Saturday, October 13, 2012

150-Years-Ago -- War's Impact on Civilians

Oct. 16, 1862

Southern refugees.
(Boys of '61)
          ST. AUGUSTINE, FLA. -- The Savannah papers contain the particulars of the recent doings of the Yankees at St. Augustine, Florida, as related by a lady, who, with her family of five little children, was recently banished from that place. She gives an account of the Yankee atrocities towards the people of St. Augustine, and of the hardships she had to encounter in her efforts to reach her home in Savannah.
In the early part of September a meeting of the citizens of St. Augustine, male and female, from the age of fourteen years and upwards, was ordered, by Gen. Saxon, to assemble at the Presbyterian Church. The meeting being assembled at the appointed time, Col. Beard, of the Provost Guard, opened his address as follows: "I do not know whether to address you (alluding to the ladies present), as ladies or women, as all Broadway crinolined women are called ladies!" It was soon ascertained, from the speaker's remarks, that the object of the meeting was to have the oath of allegiance to the United States administered. A guard was stationed at the door to prevent any from leaving. Those who refused to take the oath were required to go in the galleries--some two to three hundred men, women and children. The others were furnished with certificates and allowed to depart. Those from the galleries were then called down to receive, as Col. Beard termed it, their "benediction." They were forced to register their names, together with the number of their respective residences. This having been gone through with, he told them that when he was ready he would give all the women and children among them who had relatives in the Confederacy "a free ride across the lines."
He then gave orders to the guard to permit the ladies to pass to their homes. Their residences were duly labeled, and about a week after the meeting, wagons were sent for their baggage, and these banished people were taken on board a transport. The steamer left for the St. John's river with some fifty families--about 150 women and children huddled together, without a bed to rest on, or any accommodations whatever, and kept two and a half days outside without food or water save what they took with them, and in their sea sickness were refused even water to drink. Fearing to enter the St. John's, as our informant supposes, they were taken back to St. Augustine, and when near that place it was ascertained that the vessel was leaking badly, having some four feet of water in the hold. It was supposed on board that the negros [sic] had attempted to scuttle the vessel in order to drown the "Secesh."
Our informant, who was among the sufferers, having been furnished a pass which had been some time previously promised here, was placed with her young charge and her baggage in a cart and taken across the country to the St. John's River. The cart having broken down several times on the way, they were forced to walk and seek shelter in a negro cabin, with nothing but the naked floor to sleep upon--their feet and limbs sore and bruised, and their dresses torn by briars. Arriving at St. John's, they were taken across to a small boat, where they procured another cart and reached the railroad at Trail Ridge. They were, after severe suffering, some ten days in their trouble to get to our lines.--Taking the railroad, they came by way of Lake City, and reached this city, to the great joy of themselves and their friends, Saturday last.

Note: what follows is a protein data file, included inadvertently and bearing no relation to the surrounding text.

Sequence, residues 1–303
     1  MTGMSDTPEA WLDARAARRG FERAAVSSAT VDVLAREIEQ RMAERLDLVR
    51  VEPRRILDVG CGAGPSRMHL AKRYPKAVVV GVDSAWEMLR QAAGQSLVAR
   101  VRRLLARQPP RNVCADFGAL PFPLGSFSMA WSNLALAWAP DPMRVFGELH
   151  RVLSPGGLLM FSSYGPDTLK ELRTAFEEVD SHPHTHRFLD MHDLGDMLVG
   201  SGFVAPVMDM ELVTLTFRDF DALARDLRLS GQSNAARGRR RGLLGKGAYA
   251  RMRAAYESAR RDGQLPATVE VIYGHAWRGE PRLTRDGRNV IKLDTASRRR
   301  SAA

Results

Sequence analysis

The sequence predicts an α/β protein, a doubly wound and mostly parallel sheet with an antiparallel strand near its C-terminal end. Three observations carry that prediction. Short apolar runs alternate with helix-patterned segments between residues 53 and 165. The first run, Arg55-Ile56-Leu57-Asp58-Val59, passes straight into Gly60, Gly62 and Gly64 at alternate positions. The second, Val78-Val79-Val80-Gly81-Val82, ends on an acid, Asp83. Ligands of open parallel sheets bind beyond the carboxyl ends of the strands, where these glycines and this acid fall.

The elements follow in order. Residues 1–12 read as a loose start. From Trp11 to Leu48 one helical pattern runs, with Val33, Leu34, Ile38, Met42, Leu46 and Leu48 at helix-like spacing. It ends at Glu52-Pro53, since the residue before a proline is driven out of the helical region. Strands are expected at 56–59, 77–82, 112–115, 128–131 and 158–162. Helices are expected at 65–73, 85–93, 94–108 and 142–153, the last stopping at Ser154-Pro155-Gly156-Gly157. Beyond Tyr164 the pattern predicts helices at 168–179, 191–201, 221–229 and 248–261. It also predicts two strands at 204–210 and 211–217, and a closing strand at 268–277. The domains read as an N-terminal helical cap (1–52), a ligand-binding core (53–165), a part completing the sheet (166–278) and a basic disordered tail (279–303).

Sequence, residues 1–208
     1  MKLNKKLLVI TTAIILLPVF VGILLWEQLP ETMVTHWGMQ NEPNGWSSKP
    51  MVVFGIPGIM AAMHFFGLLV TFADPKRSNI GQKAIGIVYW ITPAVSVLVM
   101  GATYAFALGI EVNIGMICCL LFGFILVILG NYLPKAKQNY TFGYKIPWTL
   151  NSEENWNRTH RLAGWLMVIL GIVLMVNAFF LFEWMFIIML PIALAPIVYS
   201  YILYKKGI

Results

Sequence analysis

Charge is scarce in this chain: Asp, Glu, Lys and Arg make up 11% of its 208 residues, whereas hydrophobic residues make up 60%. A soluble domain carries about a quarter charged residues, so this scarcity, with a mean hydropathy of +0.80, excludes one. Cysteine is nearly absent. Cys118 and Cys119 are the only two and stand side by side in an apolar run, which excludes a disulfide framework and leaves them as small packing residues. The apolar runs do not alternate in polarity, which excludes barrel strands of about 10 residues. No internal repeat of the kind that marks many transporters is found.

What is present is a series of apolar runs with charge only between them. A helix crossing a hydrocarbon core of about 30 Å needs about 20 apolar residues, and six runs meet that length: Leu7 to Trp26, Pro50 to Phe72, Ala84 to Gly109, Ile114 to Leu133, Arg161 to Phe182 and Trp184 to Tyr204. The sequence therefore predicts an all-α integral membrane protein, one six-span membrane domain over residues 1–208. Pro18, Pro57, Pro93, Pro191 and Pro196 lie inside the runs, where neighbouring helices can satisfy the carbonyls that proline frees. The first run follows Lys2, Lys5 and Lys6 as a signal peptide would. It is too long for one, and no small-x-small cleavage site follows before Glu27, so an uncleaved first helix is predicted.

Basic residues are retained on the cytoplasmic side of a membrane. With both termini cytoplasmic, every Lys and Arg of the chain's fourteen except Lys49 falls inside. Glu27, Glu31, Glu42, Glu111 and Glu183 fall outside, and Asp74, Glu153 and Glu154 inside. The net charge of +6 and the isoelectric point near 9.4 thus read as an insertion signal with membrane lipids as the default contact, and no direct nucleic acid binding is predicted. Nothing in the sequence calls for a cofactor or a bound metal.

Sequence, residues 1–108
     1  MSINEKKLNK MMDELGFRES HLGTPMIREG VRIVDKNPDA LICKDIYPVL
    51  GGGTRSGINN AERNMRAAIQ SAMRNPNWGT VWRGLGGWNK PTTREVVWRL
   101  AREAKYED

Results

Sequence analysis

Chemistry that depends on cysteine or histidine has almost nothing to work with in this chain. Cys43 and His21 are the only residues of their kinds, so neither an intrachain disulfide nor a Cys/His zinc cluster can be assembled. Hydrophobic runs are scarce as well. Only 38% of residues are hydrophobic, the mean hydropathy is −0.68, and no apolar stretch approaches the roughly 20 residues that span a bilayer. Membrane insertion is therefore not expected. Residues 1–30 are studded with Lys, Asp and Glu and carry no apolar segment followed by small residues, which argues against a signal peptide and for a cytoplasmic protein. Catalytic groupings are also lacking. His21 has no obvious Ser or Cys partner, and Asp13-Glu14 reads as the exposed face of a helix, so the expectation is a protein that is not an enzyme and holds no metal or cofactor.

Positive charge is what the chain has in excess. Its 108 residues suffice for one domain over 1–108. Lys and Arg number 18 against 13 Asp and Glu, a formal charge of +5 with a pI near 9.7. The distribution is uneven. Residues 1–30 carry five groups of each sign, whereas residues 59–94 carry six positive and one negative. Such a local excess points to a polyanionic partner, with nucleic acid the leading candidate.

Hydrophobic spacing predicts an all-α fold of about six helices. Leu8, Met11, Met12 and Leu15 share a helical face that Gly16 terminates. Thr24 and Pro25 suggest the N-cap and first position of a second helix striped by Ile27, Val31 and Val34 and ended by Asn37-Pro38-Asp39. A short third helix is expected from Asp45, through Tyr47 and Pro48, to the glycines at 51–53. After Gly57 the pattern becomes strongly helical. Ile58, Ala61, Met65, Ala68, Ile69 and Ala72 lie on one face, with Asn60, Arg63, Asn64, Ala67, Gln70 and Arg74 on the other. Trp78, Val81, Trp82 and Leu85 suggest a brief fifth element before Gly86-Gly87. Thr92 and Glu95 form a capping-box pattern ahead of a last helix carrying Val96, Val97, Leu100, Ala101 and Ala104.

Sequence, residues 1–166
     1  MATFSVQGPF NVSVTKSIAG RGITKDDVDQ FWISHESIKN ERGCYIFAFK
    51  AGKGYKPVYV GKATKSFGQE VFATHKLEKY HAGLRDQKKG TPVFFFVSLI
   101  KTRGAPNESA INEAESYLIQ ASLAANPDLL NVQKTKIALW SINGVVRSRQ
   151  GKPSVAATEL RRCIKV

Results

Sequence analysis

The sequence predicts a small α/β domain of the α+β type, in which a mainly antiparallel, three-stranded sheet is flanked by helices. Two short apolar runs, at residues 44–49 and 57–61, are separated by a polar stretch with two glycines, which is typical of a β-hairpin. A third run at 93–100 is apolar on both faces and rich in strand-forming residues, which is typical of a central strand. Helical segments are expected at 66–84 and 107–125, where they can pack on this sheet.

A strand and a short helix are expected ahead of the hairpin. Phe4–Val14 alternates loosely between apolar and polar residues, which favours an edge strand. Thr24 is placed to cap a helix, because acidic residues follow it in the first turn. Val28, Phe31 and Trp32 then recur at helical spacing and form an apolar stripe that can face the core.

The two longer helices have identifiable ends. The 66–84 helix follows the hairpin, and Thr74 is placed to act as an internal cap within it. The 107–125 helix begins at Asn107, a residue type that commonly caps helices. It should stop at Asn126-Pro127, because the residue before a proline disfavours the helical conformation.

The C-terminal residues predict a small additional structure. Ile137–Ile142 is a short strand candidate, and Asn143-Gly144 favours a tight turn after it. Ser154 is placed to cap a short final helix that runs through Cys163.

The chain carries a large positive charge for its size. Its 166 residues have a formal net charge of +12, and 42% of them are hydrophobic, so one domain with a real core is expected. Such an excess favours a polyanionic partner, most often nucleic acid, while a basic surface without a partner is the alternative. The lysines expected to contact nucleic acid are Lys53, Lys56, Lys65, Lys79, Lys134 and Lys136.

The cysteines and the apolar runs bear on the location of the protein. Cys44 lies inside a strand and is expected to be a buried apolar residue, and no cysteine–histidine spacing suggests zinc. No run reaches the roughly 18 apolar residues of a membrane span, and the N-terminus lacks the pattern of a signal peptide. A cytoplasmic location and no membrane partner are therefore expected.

Gen. Mitchell sent notice from Hilton Head to St. Augustine, previous to her leaving, that he would send a boat to that place and take all the ladies who had refused to take the oath to Jacksonville.
She states that the poor of St. Augustine are regularly furnished by the Federals with rations; but it was reported they intended soon to stop the supply. The troops are respectful to the ladies in passing them in the streets, and are very orderly. . . . No articles of silver or gold will be allowed to leave St. Augustine in the baggage of those who are sent away, which is regularly searched, in order to prevent them getting into the hands of Confederates to be coined into money. Groceries of all kinds are selling at very low figures, for gold or silver only. She saw no paper currency in circulation.  

Yankee Outrages in Louisiana.

           The Raleigh Church Intelligencer publishes the following private letter from a lady living on a Mississippi river plantation in the Southwest. The editor vouches for the trustworthiness of his correspondent:
Elkridge, August 31.
. . . Don't believe Butler's lies about "Union sentiments" and loyal citizens there. If there is a place where the Federals are most detested, it is here in Louisiana. In New Orleans the ladies never go out of their houses if they can help it, and then are always armed as, in all parts of the State exposed to their inroads, the women are. I believe I am the only woman in this community who has not arms and does not know how to use them, and I think I could shoot too on an emergency, only I have such a distaste to weapons that I think I would rather be killed than to kill anybody. I would not shoot in defence of life, but I would of honor. . .

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